Nigeria will attempt to stage a comeback to the top of the medals table as the African Senior Athletics Championships begin in Porto Novo, Republic of Benin today. It has been 12 years since Nigeria finished as the overall winners on the continent for this event.
Nigeria had reigned as African champions following incredible, championships record-setting feats put up by the likes of Clement Chukwu, Seun Ogunkoya, Falilat Ogunkoya, Glory Alozie and Chioma Ajunwa. But just as the drop hit the game of football and many others, Nigerian athletes soon began to play second fiddle in track and field events in Africa.
Since then, the closest Nigeria came was two years ago when the country lost by just one gold to host, Kenya at the 17th edition of the championships held at the Nyayo Stadium in Nairobi.
But in Benin Republic and with 44 athletes led by Blessing Okagbare and Amechi Morton, a change in fortune looks likely. The determining factor will be the performance of the men who could only win one gold medal two years ago in Kenya.
The presence of Amaechi in the team has increased the team’s chances of topping the medals table.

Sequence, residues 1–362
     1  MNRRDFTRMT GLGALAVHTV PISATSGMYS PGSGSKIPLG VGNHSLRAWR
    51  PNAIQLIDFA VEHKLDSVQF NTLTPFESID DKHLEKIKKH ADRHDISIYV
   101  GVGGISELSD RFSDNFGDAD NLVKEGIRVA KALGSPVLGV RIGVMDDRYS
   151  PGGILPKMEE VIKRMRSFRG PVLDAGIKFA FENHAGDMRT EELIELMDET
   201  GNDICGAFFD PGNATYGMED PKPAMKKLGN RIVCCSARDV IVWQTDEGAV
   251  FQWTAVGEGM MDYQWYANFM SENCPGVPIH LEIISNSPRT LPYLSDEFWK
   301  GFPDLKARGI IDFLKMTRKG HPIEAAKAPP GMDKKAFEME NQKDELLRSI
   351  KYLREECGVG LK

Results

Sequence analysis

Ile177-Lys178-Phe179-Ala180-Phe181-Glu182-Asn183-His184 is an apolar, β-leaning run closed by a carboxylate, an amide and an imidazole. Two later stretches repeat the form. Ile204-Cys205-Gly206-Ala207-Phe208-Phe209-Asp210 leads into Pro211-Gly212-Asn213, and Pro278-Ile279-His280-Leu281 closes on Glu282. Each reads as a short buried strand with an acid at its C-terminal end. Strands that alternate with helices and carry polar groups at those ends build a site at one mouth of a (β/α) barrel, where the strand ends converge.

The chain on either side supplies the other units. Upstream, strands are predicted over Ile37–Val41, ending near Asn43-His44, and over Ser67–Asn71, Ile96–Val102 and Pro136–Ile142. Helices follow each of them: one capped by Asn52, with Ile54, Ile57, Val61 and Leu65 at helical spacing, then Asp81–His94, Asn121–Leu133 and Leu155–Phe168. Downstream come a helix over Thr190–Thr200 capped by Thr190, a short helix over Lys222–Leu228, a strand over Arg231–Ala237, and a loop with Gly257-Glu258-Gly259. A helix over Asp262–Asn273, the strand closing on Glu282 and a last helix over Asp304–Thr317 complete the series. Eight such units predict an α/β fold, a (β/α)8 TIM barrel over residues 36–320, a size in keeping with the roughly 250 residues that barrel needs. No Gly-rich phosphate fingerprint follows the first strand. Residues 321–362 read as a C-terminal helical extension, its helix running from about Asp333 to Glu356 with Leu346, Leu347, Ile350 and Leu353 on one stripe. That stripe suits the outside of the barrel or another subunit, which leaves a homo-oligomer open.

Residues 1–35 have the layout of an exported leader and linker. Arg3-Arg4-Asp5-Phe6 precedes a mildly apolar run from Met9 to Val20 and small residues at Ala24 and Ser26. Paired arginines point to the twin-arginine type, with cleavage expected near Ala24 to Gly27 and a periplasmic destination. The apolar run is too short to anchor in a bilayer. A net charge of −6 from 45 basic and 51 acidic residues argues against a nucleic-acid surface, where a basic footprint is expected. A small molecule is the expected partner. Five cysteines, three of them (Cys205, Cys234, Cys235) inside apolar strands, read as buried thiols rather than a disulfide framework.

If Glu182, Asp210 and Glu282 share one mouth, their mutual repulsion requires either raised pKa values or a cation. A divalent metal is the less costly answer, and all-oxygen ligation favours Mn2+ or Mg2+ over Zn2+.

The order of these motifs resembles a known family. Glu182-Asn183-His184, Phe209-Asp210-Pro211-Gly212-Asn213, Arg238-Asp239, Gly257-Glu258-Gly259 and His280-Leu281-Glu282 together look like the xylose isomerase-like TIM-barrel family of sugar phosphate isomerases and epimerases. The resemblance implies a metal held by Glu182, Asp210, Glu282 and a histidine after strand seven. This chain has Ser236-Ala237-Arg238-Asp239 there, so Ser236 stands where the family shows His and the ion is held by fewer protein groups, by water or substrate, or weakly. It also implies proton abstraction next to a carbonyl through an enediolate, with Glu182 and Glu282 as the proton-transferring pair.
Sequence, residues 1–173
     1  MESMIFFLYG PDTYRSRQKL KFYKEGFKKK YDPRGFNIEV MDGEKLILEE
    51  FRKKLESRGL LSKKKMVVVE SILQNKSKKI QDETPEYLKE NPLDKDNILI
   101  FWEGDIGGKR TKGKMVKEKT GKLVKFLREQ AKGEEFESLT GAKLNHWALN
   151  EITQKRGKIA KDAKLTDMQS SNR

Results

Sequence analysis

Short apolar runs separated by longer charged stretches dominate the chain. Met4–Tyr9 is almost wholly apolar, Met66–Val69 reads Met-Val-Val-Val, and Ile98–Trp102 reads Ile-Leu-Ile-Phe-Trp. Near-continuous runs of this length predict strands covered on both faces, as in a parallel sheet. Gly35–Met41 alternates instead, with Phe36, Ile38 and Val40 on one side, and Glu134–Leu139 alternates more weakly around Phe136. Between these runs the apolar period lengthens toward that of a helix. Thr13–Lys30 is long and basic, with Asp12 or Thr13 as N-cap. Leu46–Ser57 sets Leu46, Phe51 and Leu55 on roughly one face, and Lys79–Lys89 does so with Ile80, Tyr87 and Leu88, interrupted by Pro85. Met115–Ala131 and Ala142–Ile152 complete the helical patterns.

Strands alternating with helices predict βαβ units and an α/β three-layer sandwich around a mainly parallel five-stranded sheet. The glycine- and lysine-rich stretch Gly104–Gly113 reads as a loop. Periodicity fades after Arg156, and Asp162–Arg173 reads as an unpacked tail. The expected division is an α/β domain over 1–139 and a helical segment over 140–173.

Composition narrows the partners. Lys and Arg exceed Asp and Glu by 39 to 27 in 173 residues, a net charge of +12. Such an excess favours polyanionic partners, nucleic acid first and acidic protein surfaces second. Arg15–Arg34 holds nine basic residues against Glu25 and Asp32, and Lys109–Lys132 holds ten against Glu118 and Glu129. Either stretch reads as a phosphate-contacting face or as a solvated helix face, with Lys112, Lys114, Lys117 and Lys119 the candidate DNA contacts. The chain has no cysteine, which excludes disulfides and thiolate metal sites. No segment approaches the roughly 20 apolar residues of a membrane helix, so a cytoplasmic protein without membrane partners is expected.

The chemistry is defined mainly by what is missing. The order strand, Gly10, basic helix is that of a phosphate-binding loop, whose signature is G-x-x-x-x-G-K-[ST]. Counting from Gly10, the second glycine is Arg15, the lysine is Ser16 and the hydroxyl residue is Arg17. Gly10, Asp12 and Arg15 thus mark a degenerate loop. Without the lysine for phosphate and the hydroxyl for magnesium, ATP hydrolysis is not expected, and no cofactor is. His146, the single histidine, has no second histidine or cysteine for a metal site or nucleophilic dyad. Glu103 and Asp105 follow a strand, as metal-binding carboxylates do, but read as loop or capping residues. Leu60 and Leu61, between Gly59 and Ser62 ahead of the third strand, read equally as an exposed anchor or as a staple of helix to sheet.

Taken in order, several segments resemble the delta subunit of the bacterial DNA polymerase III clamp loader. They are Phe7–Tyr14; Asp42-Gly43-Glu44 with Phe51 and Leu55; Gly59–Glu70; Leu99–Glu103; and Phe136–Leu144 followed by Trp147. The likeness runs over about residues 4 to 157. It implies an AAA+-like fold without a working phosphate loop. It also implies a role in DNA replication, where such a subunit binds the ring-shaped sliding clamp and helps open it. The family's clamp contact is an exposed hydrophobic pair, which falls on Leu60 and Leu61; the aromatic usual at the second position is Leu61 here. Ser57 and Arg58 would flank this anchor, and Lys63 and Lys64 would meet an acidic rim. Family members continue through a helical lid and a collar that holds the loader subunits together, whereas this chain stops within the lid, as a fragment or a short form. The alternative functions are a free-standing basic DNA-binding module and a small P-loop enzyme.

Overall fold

Obinna Metu will spearhead Nigeria’s quest to reclaim a title its sprinters have won nine out of the 17 gold medals put on offer so far in the championships. Two years ago in Nairobi, Metu and Ogho-Oghene Egwero failed to build on the record-setting feat achieved by reigning African record holder in the event, Olusoji Fasuba. Fasuba became the first man in championships’ history to win the 100m title three times consecutively.
In Porto Novo, the Nigerian delegation would patiently wait to see if the duo and debutante, Stanley Azie, can make amends and make it gold number 10 for Nigeria in the event. Last week in Calabar at the national trials, Metu not only reclaimed the national title from Egwero, he did it in record-shattering fashion, running a new 10.11 seconds personal best to announce himself as the athlete to beat.
In the women’s category Nigeria has won 11 out of the 17 gold medals so far put on offer since the championships was flagged off in 1979 thus making Nigerian sprinters the best on the continent. Okagbare leads the Nigerian ladies in the 2012 challenge. In Nairobi she ran to a new 11.03 seconds championships record to win the gold medal. Cote d’Ivoire’s Muriel Ahoure, the current fastest woman in Africa this year (11.00 seconds) and silver medallist at the last IAAF World Indoor championships in Istanbul, Turkey looks a good bet to stop the Nigerians from running away with the title.
Also, Gabon’s petite sprinter, Ruddy Zang Milama, who holds the third fastest time in Africa this year (11.03), will be in the mix for the gold medal.
This is the continent’s last major event before the London 2012 Olympics.